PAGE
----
# How do you differentiate #y=(e^(5x^4))/(e^(4x^2+3))#?

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To differentiate the function y=(e^(5x^4))/(e^(4x^2+3)), you can use the quotient rule of differentiation:

Let u = e^(5x^4) and v = e^(4x^2+3).

Then, y' = (u'v - uv') / v^2, where u' and v' are the derivatives of u and v with respect to x.

First, find the derivatives: u' = d(e^(5x^4))/dx = 20x^3 * e^(5x^4) v' = d(e^(4x^2+3))/dx = 8x * e^(4x^2+3)

Now substitute into the quotient rule formula: y' = (20x^3 * e^(5x^4) * e^(4x^2+3) - e^(5x^4) * 8x * e^(4x^2+3)) / (e^(4x^2+3))^2

Simplify: y' = (20x^3 * e^(9x^4+3) - 8x * e^(9x^4+3)) / e^(8x^2+6)

Factor out common terms: y' = (e^(9x^4+3) * (20x^3 - 8x)) / e^(8x^2+6)

Simplify further: y' = (20x^3 - 8x) * e^(9x^4+3 - 8x^2 - 6)

Finally: y' = (20x^3 - 8x) * e^(9x^4-8x^2-3)

That's the derivative of the function y=(e^(5x^4))/(e^(4x^2+3)).

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To differentiate the function ( y = \frac{e^{5x^4}}{e^{4x^2 + 3}} ), you can use the quotient rule.

The quotient rule states that if you have a function of the form ( \frac{u(x)}{v(x)} ), then its derivative is given by:

[ \frac{d}{dx} \left( \frac{u(x)}{v(x)} \right) = \frac{u'(x)v(x) - u(x)v'(x)}{(v(x))^2} ]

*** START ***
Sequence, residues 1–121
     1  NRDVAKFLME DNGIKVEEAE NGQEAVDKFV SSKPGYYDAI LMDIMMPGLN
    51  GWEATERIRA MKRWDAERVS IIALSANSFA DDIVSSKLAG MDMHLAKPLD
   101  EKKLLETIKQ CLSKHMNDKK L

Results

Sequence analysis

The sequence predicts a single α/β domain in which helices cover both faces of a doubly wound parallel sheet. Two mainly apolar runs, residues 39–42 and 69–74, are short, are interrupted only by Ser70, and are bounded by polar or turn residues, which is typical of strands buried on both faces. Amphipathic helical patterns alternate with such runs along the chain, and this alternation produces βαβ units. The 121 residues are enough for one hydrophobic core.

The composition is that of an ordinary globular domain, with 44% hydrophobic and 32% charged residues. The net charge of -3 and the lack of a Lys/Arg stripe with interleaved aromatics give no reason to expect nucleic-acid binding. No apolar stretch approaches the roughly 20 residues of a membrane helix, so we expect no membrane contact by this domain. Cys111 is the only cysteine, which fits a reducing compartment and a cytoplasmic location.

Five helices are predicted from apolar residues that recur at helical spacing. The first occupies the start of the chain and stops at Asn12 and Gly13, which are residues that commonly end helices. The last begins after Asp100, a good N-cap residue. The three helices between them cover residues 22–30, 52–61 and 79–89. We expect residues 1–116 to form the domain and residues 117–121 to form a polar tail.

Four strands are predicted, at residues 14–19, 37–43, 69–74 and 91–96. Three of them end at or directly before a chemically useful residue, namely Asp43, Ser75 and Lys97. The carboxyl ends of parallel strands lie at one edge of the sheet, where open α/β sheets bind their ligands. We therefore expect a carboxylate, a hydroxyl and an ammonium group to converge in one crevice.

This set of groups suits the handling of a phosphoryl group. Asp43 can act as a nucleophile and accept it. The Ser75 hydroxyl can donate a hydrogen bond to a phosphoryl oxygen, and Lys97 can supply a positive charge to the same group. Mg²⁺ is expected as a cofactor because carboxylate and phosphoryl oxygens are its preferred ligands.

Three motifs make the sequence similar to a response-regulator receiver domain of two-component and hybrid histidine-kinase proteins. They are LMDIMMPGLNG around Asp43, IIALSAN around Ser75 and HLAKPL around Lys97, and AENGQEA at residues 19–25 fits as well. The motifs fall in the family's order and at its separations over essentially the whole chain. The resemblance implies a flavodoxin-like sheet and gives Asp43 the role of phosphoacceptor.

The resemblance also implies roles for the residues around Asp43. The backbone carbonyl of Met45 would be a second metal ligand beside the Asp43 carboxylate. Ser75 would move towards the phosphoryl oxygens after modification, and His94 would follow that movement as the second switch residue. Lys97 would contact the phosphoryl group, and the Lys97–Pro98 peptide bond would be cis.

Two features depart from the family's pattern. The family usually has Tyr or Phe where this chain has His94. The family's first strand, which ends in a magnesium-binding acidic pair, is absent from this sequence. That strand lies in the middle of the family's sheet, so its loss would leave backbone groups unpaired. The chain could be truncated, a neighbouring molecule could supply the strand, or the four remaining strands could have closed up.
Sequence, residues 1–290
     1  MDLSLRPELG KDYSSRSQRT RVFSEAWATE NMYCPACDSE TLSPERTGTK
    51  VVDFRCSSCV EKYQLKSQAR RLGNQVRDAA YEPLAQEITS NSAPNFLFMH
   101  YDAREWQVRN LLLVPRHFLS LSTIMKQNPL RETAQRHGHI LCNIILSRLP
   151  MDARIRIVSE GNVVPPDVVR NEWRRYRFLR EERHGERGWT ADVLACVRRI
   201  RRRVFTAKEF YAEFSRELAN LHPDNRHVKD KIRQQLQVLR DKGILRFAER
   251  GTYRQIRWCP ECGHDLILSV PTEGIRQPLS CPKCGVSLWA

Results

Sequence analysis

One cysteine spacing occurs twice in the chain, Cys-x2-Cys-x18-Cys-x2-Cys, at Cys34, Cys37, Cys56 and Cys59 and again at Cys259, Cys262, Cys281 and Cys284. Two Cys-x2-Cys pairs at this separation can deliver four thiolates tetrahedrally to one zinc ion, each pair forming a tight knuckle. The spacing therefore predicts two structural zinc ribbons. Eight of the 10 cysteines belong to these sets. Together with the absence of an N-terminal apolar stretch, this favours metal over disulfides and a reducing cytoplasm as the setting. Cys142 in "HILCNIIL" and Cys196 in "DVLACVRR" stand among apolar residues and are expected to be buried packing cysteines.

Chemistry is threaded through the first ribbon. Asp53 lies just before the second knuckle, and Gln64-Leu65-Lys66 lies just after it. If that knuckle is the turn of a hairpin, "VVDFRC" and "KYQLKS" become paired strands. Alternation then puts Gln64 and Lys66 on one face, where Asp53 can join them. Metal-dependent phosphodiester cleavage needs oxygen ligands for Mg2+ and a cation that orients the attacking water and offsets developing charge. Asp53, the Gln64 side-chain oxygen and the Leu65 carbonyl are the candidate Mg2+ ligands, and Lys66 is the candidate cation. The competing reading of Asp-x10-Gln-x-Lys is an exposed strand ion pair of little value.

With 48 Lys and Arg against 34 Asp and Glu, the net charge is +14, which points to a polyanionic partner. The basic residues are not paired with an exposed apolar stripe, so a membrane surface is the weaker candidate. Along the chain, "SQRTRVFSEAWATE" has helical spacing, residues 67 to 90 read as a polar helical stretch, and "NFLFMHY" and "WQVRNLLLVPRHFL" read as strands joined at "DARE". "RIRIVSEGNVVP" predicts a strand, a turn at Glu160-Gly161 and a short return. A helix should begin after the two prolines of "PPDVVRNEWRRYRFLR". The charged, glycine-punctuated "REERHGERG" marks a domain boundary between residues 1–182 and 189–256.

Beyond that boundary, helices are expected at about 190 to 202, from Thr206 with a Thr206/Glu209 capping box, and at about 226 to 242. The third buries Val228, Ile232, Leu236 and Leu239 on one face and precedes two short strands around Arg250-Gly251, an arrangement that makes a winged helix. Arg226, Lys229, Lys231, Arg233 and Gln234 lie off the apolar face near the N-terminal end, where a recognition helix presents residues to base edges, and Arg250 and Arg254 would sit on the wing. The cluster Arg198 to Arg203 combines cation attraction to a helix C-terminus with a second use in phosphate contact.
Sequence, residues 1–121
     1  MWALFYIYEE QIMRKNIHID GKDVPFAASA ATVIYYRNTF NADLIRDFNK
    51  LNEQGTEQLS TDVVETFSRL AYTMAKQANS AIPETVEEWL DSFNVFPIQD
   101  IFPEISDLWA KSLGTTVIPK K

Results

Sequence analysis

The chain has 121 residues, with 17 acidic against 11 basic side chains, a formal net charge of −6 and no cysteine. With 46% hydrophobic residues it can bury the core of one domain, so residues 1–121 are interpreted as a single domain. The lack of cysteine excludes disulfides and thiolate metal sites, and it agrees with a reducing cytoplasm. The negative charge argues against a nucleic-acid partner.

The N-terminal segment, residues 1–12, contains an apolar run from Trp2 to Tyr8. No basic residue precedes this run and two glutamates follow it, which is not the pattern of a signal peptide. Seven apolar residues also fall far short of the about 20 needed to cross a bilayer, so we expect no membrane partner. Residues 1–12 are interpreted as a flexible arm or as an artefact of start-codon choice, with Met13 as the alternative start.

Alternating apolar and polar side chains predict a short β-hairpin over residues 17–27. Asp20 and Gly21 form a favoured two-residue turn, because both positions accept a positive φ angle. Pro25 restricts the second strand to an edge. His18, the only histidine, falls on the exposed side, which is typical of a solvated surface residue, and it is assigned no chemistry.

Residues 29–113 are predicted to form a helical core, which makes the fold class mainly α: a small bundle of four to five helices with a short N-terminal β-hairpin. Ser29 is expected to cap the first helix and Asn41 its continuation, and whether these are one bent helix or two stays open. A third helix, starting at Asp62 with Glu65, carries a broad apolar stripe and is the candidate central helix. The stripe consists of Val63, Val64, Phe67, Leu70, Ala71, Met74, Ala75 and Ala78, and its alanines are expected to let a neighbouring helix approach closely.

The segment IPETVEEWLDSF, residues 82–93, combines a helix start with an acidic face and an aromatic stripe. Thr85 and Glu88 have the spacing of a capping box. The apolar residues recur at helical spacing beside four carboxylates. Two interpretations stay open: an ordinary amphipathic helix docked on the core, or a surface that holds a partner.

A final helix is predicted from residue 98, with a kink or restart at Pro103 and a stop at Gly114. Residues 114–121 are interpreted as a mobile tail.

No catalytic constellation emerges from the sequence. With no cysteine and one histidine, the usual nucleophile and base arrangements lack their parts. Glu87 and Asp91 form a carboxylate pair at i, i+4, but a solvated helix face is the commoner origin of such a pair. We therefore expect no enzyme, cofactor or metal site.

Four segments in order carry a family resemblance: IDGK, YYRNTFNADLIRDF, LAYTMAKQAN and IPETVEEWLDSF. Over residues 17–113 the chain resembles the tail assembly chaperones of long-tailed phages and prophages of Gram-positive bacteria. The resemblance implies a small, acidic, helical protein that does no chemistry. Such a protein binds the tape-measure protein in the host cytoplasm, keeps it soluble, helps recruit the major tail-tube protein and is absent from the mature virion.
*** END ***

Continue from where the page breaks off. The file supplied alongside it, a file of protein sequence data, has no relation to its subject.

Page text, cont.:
Applying this rule to the given function, where ( u(x) = e^{5x^4} ) and ( v(x) = e^{4x^2 + 3} ), and using the chain rule for differentiation, we have:

[ y' = \frac{(e^{5x^4})'(e^{4x^2 + 3}) - e^{5x^4}(e^{4x^2 + 3})'}{(e^{4x^2 + 3})^2} ]

[ = \frac{(5x^4)'e^{4x^2 + 3} - e^{5x^4}(8x)e^{4x^2 + 3}}{(e^{4x^2 + 3})^2} ]

[ = \frac{20x^3e^{4x^2 + 3} - 8xe^{9x^4 + 3}}{e^{2(4x^2 + 3)}} ]

[ = \frac{20x^3e^{4x^2 + 3} - 8xe^{4x^2 + 3}}{e^{8x^2 + 6}} ]

[ = \frac{4x^3(5 - 2x)e^{4x^2 + 3}}{e^{8x^2 + 6}} ]

So, the derivative of ( y ) with respect to ( x ) is ( y' = \frac{4x^3(5 - 2x)e^{4x^2 + 3}}{e^{8x^2 + 6}} ).

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When evaluating a one-sided limit, you need to be careful when a quantity is approaching zero since its sign is different depending on which way it is approaching zero from. Let us look at some examples.

When evaluating a one-sided limit, you need to be careful when a quantity is approaching zero since its sign is different depending on which way it is approaching zero from. Let us look at some examples.

When evaluating a one-sided limit, you need to be careful when a quantity is approaching zero since its sign is different depending on which way it is approaching zero from. Let us look at some examples.

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